Mpizeli/Arakas Kokinisto (Greek Peas in Tomato Sauce)

06

Mpizeli (bees-EL-ee) is one of those things that always seems to be hanging out on the stovetop of every Greek home. I ate truckloads of it growing up and I still love it. It’s great as a side, of course, but I will literally just eat it as a snack—sometimes even cold from the fridge (I know, I’m weird). I actually prefer this pea dish at room temperature, so it’s great for potlucks, parties, and picnics. This kind of-sort of made it on the blog a bazillion years ago, as an alternate version of Greek style okra. It’s one of those things that, while still pretty common for me to make, is so normal I don’t even think about blogging it (likely because until recently I thought I already had. ;))

I put a ballpark dill measurement below but, honestly, I’ve never truly measured it. Even when I’ve tried in an attempt to be more concise with a recipe, I end up adding more as I’m cooking, so it doesn’t really matter. Bottom line is add what you want to add. You’ll probably end up adding a lot more than you think you will, though. There’s something about copious amounts of dill that really makes this. I have a friend who dislikes dill and initially didn’t even want to try this before proceeding to eat bowls full of it.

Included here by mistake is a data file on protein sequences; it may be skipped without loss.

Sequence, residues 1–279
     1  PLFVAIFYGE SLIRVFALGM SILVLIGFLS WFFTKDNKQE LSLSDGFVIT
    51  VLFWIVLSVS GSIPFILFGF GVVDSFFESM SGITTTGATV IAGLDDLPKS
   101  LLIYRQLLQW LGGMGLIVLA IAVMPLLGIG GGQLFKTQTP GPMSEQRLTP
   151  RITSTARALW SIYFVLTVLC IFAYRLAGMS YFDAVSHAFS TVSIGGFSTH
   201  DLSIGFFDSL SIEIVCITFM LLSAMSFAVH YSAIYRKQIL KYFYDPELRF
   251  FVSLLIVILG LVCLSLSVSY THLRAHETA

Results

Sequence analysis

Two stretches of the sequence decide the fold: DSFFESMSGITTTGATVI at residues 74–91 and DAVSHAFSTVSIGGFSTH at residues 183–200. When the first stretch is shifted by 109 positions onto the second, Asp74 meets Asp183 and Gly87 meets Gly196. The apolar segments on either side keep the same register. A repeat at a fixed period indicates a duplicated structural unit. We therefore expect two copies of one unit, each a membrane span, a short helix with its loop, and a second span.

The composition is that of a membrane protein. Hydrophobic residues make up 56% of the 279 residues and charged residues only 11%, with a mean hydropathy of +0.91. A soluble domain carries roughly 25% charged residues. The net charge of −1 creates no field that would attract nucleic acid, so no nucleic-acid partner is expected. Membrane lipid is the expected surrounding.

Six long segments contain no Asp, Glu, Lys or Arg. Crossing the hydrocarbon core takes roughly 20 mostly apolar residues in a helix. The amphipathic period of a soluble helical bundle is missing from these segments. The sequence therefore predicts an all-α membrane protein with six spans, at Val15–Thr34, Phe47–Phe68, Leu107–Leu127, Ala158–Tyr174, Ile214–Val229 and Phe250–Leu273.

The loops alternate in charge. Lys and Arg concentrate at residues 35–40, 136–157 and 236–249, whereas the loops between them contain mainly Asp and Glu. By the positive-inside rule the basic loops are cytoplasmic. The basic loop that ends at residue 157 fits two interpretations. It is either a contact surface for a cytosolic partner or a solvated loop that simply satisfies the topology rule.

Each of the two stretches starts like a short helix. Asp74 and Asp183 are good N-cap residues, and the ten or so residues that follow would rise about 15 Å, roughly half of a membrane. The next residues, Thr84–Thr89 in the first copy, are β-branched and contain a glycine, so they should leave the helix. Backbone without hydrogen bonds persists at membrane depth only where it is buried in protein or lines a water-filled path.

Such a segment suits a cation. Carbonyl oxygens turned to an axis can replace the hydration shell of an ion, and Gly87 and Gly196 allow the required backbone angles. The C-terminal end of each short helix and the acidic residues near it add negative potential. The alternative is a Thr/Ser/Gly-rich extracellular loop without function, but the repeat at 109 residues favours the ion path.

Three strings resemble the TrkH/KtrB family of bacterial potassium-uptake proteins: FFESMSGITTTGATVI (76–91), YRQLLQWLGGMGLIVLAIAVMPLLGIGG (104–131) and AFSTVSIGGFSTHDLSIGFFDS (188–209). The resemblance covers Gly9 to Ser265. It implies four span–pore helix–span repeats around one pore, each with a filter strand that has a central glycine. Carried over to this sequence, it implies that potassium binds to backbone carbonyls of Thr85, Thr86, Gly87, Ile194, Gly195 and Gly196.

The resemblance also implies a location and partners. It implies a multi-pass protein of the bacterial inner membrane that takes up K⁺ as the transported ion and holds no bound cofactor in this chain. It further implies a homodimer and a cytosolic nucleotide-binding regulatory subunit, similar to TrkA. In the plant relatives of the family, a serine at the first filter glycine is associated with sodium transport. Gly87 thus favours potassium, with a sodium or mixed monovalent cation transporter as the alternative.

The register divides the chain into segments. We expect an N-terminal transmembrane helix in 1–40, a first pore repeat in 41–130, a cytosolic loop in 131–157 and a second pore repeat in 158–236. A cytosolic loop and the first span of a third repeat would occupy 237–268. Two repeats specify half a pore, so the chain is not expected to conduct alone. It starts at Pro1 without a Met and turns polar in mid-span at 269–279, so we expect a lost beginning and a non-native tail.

Also, this is a really forgiving dish. Another reason I haven’t really blogged this before is because sometimes I add a little water or a little crushed tomato as I’m cooking it, and it’s fine for eating but perhaps not for recipe documentation. Bottom line is just taste and add as you go.

Common additions to this dish are potatoes or mushrooms. You can also make a one-dish meal, similar to this kokinisto, with chicken or another protein.

Mpizeli/Arakas Kokinisto (Greek Peas in Tomato Sauce)